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Bat For Lashes's New Record Is Emotionally Devastating

British songwriter Natasha Khan explores compassion, self-sacrifice and desire on her excellent third album, "The Haunted Man."

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There are no small emotions in a Bat For Lashes song. Natasha Khan's music presents a world of endless romance, where even numbers about platonic friendships take on a mythic grandeur. Her songs, always melodic and darkly atmospheric, can function on a superficial pop level but benefit greatly from deep emotional engagement. Bat For Lashes albums aren't really intended for casual listening; they're the sort of records you put on when you're overcome with longing, lust, passion, despair, and other exhausting feelings. If you hear them at the right moment, they amp up your emotions and leave you feeling a bit drained.

The Haunted Man, Khan's third album, mainly explores the tension and complexity in a relationship between distant, sullen, traumatized man and a nurturing, frustrated woman. Some cuts, like the ornate title track and the relatively upbeat "A Wall," are focused on the conflict between these two personality types. In the latter, she sings "where you see a wall, I see a door" with equal measures of compassion and exasperation, which is exactly what you feel when you're trying to help someone you love deal with depression and they push you away. This comes through loud and clear on the record, but even more so if you watch this clip of Khan performing the song in Poland earlier this year. She's beaming as she sings the words, dancing around with pure joy. This is partly to do with the music, but it's also a signal of intention: She's not scolding this man, just doing her best to get him out a cycle of negative thinking. She just wants you to follow her lead.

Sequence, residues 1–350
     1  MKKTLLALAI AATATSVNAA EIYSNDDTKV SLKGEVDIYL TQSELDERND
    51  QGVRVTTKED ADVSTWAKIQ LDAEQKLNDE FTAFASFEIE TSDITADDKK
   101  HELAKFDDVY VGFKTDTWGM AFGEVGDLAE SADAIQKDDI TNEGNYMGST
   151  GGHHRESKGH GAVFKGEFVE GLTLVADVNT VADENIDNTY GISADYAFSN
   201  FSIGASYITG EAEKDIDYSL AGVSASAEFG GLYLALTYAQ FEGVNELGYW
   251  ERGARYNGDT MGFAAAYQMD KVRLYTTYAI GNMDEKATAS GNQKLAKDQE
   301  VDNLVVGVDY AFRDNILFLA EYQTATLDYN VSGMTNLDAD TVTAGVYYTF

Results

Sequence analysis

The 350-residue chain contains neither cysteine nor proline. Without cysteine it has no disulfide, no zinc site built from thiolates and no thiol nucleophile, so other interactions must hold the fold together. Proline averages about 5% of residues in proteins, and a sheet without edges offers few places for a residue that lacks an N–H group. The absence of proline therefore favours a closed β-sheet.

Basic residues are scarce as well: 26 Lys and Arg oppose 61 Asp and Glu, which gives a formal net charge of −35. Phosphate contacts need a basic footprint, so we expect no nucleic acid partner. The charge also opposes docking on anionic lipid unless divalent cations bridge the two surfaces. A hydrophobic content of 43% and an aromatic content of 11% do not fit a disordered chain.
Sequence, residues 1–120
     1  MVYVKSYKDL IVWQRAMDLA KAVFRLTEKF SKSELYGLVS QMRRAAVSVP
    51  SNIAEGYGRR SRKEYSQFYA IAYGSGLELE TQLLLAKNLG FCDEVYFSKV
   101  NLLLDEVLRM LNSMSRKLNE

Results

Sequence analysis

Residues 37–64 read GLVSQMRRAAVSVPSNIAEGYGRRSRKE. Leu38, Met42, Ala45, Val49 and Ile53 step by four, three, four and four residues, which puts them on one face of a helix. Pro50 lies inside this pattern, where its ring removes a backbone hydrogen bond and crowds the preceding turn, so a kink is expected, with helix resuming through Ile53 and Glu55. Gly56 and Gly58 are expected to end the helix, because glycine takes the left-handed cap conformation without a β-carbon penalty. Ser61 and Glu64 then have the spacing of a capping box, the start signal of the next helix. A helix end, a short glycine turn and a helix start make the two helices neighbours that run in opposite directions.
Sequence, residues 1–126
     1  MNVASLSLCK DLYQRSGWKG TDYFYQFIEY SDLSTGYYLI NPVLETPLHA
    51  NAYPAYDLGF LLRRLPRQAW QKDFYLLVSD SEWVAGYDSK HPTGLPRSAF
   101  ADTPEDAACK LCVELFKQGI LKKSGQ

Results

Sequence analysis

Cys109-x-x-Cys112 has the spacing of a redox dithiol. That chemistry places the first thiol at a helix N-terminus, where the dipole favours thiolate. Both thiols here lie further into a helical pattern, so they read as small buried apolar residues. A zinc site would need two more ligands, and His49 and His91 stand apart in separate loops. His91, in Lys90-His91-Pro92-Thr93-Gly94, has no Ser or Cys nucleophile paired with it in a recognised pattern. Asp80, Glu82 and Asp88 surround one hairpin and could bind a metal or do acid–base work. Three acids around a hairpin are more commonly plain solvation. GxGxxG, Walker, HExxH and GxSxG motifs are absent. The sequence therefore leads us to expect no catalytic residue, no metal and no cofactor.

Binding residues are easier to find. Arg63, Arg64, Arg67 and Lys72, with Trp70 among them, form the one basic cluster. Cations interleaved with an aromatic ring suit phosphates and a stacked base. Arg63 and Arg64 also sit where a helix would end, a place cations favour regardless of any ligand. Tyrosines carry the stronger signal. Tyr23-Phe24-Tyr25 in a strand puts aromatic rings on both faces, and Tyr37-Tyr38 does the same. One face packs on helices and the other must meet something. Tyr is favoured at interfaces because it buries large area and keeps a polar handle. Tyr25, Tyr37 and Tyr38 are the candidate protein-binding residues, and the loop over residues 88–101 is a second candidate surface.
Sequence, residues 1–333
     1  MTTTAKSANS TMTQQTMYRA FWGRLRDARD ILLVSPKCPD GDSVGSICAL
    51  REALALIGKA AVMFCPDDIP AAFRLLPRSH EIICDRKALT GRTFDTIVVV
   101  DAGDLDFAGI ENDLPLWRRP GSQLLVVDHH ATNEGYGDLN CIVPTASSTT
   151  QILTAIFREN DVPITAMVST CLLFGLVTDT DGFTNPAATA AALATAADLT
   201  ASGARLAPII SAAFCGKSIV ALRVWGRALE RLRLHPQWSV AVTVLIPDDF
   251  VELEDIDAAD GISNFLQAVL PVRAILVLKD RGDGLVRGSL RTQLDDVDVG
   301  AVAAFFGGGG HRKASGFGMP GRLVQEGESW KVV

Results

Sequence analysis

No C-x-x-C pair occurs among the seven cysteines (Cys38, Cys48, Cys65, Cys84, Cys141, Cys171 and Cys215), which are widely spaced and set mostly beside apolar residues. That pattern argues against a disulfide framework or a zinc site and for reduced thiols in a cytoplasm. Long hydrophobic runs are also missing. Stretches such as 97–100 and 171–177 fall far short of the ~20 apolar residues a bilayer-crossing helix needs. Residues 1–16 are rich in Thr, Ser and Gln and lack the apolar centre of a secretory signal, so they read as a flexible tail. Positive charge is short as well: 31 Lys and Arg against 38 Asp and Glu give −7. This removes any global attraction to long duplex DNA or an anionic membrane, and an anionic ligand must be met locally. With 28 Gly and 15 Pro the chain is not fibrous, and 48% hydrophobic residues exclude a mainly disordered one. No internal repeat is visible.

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Khan is even more compelling when she delves into the emotional state of characters who are frustrated and unfulfilled by their aloof partners. In "Lilies," the lushly orchestrated opening track, she's a woman who feels empty and lost until she finds herself in a fairytale moment that leaves her belting out "Thank God I'm alive!" at the song's climax. The gothic "Oh Yeah" is sung from the perspective of a woman who declares that she's "looking for a love to climb inside," and conveys an earnest yearning for a passion she's never known. It's a desire for desire itself, not anyone or anything specific. Like Fiona Apple sings on her excellent album from earlier this year, she "just wants to feel everything."


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"Laura," the album's first single, is an outlier on the record. It's the only song Khan has written with an outside collaborator – Justin Parker, who co-wrote half of Lana Del Rey's Born To Die, and the track on the record that seems to stray from its unifying theme. It's also the most starkly arranged piece of music, with Khan singing a loving ballad to a close friend over not much more than simple piano accompaniment. Khan was wise to keep it simple. Her voice is more than enough to carry the melody, and her phrasing conveys an overwhelming degree of empathy for a troubled friend. You feel her heart break for this woman, and sense the degree to which she's willing to take on an emotional burden to support and encourage her to thrive. She may not be singing about a "haunted man" on "Laura," but it's clearly of a piece with the rest of the record at least in that it's an expression of compassion, and in some way reckoning with what happens to a person when they care so deeply for someone that they give up a part of themselves.

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Bat For Lashes' new album The Haunted Man is out now, and you can buy it from Amazon among many other retailers.